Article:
Moisson Laval, Moisson Montréal and Moisson Rive-Sud need your support
MONTREAL, Nov. 24, 2016 /CNW Telbec/ - The number of requests made for emergency food assistance in the greater Montreal region rose again this year, according to the 2016 Hunger Count, presenting statistics compiled by Moisson Laval, Moisson Montréal and Moisson Rive-Sud this past March. Nearly 950,000 requests per month were made in the greater Montreal region, an increase of almost 75,000 over last year's numbers.
According to the Hunger Count, the face of food insecurity continues to change. Hunger is no longer limited to certain isolated groups, but rather, is spreading to a greater number of people from various backgrounds.
Traditionally, the clients coming to food banks mostly comprised homeless people or those receiving social assistance. But more and more, we're seeing young families, students and even workers who rely on food assistance to make ends meet.
In Laval, it was observed that 30% of households receiving emergency food assistance include young adults between the ages of 18-35 years. "Youth are increasingly in need of food assistance and that's troubling", declares Jean Gagnon, Executive Director of Moisson Laval.
Food banks need support
According to Dany Hétu, Executive Director at Moisson Rive-Sud, demand continues to rise, but food donations are not keeping pace.
That's why food banks across Montreal need your help to meet this ever-growing need through the winter ahead.
"With the Media's Big Food Drive about to start, we are relying on your support to help those in need across the greater Montreal region", explains Richard D. Daneau, Executive Director of Moisson Montréal. Numerous volunteers are also stepping in to help Canada's largest food bank assemble the 20,000 Holiday baskets that will be distributed this year. "Every little bit helps, enabling us to give a little more to those in need. Together, we can build the world we want to live in, a world in which everyone will have enough to eat. So give to your local food bank. Together, we can make a difference!" adds Mr. Daneau.
Key figures from the 2016 Hunger Count of Greater Montreal
The Hunger Count is an annual survey conducted in the month of March by accredited food banks throughout Canada. Survey results from our province allow us to measure the volume of food assistance services provided by our partners serving Quebecers in need during a month.
- 30% of households contain young adults between 18-35 years of age.
- 75% of households making their first request for food assistance were headed by single mothers.
- 658,256 requests per month for food assistance in 2016— an 8.5% increase over 2015.
- Growing number of requests from workers (earning employment income) and students (receiving loans and bursaries), a multi-year trend.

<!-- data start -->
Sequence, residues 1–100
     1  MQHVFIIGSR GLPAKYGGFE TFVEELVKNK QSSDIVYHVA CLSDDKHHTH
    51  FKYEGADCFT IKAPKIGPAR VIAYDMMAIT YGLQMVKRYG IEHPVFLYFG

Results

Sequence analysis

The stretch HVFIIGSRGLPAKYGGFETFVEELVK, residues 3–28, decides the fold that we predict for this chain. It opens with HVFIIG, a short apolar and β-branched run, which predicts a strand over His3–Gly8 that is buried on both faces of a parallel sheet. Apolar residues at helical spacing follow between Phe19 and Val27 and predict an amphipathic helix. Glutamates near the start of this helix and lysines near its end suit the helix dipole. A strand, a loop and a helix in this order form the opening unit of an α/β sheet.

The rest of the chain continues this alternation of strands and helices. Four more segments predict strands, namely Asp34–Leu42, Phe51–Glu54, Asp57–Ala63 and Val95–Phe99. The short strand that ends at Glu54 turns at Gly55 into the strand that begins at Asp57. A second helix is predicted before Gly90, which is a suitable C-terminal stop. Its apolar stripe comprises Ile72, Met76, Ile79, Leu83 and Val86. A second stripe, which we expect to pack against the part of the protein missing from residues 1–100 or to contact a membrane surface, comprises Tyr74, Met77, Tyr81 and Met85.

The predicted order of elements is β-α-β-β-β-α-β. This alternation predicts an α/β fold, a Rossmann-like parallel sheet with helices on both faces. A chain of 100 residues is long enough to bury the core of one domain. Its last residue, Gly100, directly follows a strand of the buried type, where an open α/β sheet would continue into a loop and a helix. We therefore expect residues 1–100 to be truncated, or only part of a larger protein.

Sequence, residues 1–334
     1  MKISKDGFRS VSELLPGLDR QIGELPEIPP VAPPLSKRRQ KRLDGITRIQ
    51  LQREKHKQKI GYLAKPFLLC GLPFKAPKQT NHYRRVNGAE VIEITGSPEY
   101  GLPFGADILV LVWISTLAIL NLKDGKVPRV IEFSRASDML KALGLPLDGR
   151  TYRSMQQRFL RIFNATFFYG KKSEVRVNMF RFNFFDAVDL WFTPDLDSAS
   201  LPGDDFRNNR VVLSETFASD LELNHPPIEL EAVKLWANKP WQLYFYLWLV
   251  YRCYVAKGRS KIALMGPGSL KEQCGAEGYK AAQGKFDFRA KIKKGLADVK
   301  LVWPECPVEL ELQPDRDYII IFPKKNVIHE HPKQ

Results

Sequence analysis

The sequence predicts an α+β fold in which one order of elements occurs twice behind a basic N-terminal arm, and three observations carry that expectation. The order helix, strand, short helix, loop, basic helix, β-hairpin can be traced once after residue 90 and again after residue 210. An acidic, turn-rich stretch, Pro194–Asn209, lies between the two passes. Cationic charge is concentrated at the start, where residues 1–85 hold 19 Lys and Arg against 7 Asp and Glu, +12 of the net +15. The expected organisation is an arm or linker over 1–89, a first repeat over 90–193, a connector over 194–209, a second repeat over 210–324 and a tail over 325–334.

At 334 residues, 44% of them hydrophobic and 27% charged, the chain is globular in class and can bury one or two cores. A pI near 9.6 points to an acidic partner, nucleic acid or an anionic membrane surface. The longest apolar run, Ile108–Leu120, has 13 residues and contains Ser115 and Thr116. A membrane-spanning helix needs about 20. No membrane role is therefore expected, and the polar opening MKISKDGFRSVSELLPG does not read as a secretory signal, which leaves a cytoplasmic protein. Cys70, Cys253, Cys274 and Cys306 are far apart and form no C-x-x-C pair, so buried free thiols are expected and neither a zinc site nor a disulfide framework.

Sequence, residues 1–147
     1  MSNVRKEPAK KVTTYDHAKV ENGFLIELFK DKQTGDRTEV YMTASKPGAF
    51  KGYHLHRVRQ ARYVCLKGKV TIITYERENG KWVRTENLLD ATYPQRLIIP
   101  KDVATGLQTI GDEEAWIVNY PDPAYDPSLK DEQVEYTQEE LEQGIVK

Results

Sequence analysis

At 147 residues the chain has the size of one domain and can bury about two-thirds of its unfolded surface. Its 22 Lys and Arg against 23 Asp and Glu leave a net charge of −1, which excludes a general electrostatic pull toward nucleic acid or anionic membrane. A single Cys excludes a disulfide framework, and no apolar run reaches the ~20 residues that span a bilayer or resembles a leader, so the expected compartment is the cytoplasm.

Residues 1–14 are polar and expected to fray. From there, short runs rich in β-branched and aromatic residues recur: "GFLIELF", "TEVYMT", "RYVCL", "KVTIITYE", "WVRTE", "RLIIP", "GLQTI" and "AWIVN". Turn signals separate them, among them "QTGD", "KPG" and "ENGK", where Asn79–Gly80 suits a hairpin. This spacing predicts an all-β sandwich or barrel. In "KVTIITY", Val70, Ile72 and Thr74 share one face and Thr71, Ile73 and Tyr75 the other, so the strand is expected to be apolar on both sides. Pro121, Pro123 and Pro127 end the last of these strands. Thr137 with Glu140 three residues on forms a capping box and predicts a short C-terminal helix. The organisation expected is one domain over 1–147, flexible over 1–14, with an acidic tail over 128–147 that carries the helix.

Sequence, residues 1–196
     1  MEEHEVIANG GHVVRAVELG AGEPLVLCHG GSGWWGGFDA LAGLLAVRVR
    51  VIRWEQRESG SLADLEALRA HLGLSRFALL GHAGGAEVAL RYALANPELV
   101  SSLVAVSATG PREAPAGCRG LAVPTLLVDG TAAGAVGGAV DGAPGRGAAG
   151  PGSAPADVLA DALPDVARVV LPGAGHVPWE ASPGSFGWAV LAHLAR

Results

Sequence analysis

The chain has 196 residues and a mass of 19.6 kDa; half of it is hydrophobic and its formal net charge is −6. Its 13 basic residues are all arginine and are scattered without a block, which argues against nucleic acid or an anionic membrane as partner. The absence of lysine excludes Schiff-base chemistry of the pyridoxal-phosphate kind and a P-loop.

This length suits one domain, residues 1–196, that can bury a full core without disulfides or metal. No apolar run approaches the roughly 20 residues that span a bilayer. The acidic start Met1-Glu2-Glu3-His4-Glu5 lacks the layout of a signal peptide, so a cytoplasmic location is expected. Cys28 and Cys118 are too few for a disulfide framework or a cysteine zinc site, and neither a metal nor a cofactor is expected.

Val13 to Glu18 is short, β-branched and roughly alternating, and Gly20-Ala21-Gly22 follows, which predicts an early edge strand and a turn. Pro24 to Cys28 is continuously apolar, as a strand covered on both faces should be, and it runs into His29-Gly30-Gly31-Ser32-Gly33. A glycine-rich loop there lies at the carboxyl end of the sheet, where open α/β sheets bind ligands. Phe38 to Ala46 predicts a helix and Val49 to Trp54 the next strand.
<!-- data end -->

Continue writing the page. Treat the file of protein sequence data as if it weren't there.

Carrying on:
- The percentage of recipients holding down one job was nearly 13%.
- The number of requests for emergency food assistance rose by 33%, due to the emergence of a new recipient groups, such as individuals and small families.
About Moisson Laval
Founded in 1981, Centre de bénévolat et Moisson Laval (CBML) responds to the needs of community organizations by collecting, processing and distributing quality foods free of charge. As well, the Centre directly serves clients in need within the Laval region, most notably as a food bank open to the public. The CBML's mission also includes the development and promotion of volunteerism throughout the city of Laval for the well-being of the community. 63 organizations and 38 schools served each week at the food bank. Annually more than 1,500 volunteers support us in our vision. For more information: visit www.benevolatlaval.qc.ca.
About Moisson Montréal
A charitable organization founded in 1984, Moisson Montréal is the largest food bank in Canada. Through its collection, sorting, and distribution centre for emergency food assistance, the organization allocates nearly 1,000 tons of food per month to over 250 accredited community organizations on the Island of Montreal. In turn, these organizations provide food assistance to thousands of people. Moisson Montréal receives funding and supplies mainly through donations. Its operations require the collaboration of nearly 9,000 volunteers each year and result in the redistribution of about 14 million kilos of food, representing a total value of approximately $81 million. Moisson Montréal has won three awards for its Food Recovery Program in Supermarkets: the 2016 Sustainable Development Award from Mercuriades, the 2015 Corporate Citizenship Award from Novae (Supply Category), and the 2015 Élixir - Coup de Coeur Prize from PMI-Montréal. For more information, visit www.moissonmontreal.org.
About Moisson Rive-Sud
Moisson Rive-Sud, is… 12 000 families helped each month, comprising 81,000 people, including 33,000 children. The largest food bank of the Montérégie, approximately 80 organisations in the region are accredited to redistribute the food collected by Moisson Rive-Sud, in order to serve the food assistance needs of vulnerable populations in the region. Moisson Rive-Sud is an important network of suppliers, collaborators and partners in addition to 420 volunteers who support our work throughout the year. www.moissonrivesud.org
SOURCE MOISSON MONTREAL
For further information: To request an interview or for additional information: Moisson Laval, Jean Gagnon, Executive Director, 450 681-6164, email@example.com; Moisson Montréal, Gabrielle Marcoux, Communications and Media Coordinator, 514 706-4201, firstname.lastname@example.org; Moisson Rive-Sud, Lucie Tomé, Business Development, 450 641-1895, ext. 28, email@example.com